Cloud Computing , Technology

Why Third-Party CNAPP Is Ideal for Securing Hybrid Cloud

Gartner's Richard Bartley Says Organizations Should Embrace CNAPP and ASPM
Why Third-Party CNAPP Is Ideal for Securing Hybrid Cloud
Richard Bartley, research VP, Gartner

As enterprises rapidly adopt hybrid and multi-cloud strategies, securing their distributed cloud infrastructure has become a top challenge. Although cloud service providers offer built-in security tools, organizations are apprehensive of the security challenges related to infrastructure-as-a-service - IaaS, software-as-a-service - SaaS, and pentesting-as-a-service - PaaS. Enterprises are moving away from hyperscalers to third-party vendor platforms because of certain security advantages, which include having a unified security governance across all their cloud environments.

See Also: Managing Infrastructure at Cloud Scale

In an interview with Information Security Media Group, Richard Bartley, research VP, Gartner, discussed why cloud-native application protection platforms, CNAPP, and application security posture management, ASPM, solutions are ideal for securing hybrid/multi-cloud deployments. With more than 20 years of experience, he advises clients on cloud security, including IaaS, PaaS, CNAPP, cloud workload protection platforms - CWPPs, and cloud security posture management - CSPM. He also provides guidance on security architectural approaches and designs, including CSMA, SASE and zero trust.

In this Q&A, Bartley explained the advantages third-party platforms offer over cloud provider security tools in terms of policy management, visibility and supply chain risk reduction.

Edited excerpts follow:

Some organizations are withdrawing from the public cloud because of security concerns, among others. They perceive public cloud to be too risky. A U.K. survey involving 350 IT leaders found that 25% of organizations have already switched their cloud-based workloads back to on-premises infrastructure. What are your thoughts and observations?

The cloud is largely secure. Organizations are not withdrawing from cloud based on security concerns or raising the problem of recent breaches. This may be due to financial choices or as a result of not finding the value in cloud, which is leading them to consider leaving the cloud. Enterprises, however, must consider how much capital has been invested in the cloud, whether they are willing to spend more money to switch back to on-premises, and whether the risk posed by potential breaches is the driver for this shift. At this stage, I'm not convinced that that's the state.

How does CNAPP ensure protection in hybrid, multi-cloud environments that are becoming the mainstay for enterprises?

Vendor CNAPP is mainly focused on multi-cloud. CNAPP features offered by cloud service providers are similar to those offered by third-party vendor security platforms. But, aside from having high or specialized compliance obligations or the presence of multi-cloud environments, the reason organizations choose third-party vendors is because their solutions are more matured with more in-depth analyses. Cloud service provider capabilities, however, are catching up fast. CNAPP supports multi-cloud by establishing common security governance and application control across multiple IaaS/PaaS cloud deployments. CNAPP can also protect workloads using the same controls in any cloud environment, including hybrid and on-premises.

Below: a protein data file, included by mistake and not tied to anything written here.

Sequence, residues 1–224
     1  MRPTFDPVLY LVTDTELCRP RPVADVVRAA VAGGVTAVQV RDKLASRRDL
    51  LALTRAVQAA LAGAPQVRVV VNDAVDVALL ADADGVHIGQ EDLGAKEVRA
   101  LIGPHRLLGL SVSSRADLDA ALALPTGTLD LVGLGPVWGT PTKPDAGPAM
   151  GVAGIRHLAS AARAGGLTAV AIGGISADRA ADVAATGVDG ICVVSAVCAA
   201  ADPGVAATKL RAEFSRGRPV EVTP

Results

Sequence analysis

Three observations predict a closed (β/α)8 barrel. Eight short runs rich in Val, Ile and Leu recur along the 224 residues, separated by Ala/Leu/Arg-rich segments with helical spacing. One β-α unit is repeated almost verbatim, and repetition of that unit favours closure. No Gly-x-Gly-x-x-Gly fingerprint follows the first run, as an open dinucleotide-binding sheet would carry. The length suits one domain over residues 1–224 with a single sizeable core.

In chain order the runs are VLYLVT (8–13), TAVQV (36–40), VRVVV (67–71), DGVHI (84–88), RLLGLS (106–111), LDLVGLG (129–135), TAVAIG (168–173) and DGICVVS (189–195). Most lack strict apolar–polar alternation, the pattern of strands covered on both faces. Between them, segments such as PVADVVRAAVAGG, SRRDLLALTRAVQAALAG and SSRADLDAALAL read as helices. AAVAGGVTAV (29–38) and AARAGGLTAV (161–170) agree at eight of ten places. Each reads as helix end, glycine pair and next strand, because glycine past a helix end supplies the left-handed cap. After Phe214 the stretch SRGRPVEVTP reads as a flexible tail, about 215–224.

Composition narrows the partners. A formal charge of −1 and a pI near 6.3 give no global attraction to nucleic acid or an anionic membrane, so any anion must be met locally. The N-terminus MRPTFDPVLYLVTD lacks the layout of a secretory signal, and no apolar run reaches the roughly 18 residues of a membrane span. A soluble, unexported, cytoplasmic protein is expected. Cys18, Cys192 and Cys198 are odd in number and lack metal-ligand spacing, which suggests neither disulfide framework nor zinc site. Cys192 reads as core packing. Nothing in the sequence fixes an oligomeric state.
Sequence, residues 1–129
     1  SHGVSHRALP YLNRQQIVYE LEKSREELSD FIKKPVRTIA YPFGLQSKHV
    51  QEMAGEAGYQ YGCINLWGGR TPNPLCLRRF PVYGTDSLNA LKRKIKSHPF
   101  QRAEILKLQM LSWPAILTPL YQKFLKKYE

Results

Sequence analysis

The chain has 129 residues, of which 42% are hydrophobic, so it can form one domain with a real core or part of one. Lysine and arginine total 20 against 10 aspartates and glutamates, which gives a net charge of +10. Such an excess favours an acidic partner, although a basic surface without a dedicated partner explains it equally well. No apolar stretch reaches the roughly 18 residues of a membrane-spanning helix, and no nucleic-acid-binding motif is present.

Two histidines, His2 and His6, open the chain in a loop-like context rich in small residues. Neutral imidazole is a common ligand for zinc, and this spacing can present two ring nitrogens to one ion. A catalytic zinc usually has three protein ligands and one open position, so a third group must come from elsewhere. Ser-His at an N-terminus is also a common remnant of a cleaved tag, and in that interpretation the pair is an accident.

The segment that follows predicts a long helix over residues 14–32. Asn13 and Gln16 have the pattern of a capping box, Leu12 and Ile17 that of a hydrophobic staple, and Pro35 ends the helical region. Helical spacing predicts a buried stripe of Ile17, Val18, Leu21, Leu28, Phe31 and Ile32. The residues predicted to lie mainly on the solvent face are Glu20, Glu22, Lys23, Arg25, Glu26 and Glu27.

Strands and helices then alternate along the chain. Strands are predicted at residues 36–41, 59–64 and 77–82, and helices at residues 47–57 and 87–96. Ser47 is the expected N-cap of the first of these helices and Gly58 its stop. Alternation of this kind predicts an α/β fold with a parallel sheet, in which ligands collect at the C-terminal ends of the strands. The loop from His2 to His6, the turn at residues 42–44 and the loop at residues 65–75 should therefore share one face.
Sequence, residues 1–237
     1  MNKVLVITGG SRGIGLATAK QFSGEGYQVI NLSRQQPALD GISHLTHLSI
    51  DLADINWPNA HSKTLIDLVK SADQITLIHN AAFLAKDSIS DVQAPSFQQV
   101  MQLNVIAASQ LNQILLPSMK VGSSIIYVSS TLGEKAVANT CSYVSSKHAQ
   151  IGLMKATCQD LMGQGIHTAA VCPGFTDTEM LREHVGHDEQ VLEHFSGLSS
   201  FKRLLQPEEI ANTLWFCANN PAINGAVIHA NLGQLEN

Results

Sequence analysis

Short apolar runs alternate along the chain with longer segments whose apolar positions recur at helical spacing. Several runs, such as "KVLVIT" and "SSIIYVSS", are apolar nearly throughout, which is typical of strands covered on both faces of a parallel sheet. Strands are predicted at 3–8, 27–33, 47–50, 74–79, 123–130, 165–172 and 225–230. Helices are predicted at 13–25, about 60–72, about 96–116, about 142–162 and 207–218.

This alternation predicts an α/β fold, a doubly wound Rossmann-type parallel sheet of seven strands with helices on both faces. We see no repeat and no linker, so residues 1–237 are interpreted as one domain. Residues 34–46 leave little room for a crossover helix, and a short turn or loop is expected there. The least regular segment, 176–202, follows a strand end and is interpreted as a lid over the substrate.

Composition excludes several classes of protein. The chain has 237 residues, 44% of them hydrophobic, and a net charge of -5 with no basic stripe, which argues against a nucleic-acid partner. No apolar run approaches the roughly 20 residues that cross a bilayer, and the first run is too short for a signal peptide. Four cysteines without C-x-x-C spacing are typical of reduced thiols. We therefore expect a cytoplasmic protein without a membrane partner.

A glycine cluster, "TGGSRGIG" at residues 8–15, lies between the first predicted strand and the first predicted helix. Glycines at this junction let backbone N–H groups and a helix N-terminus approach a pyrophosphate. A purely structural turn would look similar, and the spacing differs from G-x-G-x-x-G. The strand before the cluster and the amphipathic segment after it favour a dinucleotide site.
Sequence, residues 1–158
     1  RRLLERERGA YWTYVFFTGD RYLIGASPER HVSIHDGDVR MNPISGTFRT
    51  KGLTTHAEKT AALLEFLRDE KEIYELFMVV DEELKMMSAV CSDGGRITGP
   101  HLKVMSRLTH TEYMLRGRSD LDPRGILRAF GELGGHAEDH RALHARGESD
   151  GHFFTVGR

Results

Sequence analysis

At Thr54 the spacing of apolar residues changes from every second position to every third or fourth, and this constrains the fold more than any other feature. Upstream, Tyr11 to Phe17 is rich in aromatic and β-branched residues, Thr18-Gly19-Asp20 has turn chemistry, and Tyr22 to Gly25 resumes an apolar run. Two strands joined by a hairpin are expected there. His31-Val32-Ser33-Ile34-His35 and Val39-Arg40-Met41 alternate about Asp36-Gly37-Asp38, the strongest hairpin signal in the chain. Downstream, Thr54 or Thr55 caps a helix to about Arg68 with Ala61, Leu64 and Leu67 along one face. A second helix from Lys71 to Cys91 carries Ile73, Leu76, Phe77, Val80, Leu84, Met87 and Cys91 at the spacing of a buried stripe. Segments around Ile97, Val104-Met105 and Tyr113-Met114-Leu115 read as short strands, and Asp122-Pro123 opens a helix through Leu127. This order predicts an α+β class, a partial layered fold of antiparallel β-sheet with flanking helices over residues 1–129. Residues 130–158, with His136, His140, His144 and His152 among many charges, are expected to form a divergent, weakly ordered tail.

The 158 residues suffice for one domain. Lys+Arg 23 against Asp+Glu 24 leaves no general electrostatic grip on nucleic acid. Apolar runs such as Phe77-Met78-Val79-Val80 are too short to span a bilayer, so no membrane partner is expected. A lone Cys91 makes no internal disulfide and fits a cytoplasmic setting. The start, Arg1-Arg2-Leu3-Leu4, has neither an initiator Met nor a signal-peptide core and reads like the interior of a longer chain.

CNAPP can secure cloud-native apps, but what about its protection for on-premises applications?

CNAPP vendor tools can help secure on-premises security in a few ways. Several tools can extend protection to workloads deployed on-premises, examine the security disposition of Kubernetes platforms and help with ensuring application security. But, at this time, only a few vendors review on-premises hypervisor security.

How can ASPM reduce third-party risks and improve supply chain security and vendor risk management?

ASPM helps manage identified application security vulnerabilities throughout the supply chain and development pipeline. Using this, organizations can ensure that they have the necessary governance in place for delivering applications with security issues addressed.

ASPM can be used to secure the pipeline by enabling organizations to quickly address software composition analysis findings. This involves scrutinizing the deployed application assets and ensuring that they are not vulnerable to the challenges discovered during testing.

ASPM works in conjunction with CNAPP to give enterprises the whole picture, including the infrastructure. ASPM uses contextual information to try and provide a comprehensive view of application security and risk status.

What questions should a CISO ask a cloud service provider about securing their infrastructure in the cloud? What do they write in their service-level agreements?

CISOs should have a comprehensive view of the entire security picture and must plan how they intend to implement controls across the different layers of application, infrastructure, network and the configuration of the cloud.

To assess and analyze overall cloud security disposition, CISOs must look at the CNAPP services offered by the cloud providers - Microsoft Defender for Cloud, Amazon Security Hub and Google Cloud Platform's Security Command Center. CISOs will, however, need their cloud security architects to select and design cloud security protective and detective controls to suit the cloud deployment.

About the Author

Brian Pereira

Brian Pereira

Sr. Director - Editorial, ISMG

Pereira has nearly three decades of journalism experience. He is the former editor of CHIP, InformationWeek and CISO MAG. He has also written for The Times of India and The Indian Express.

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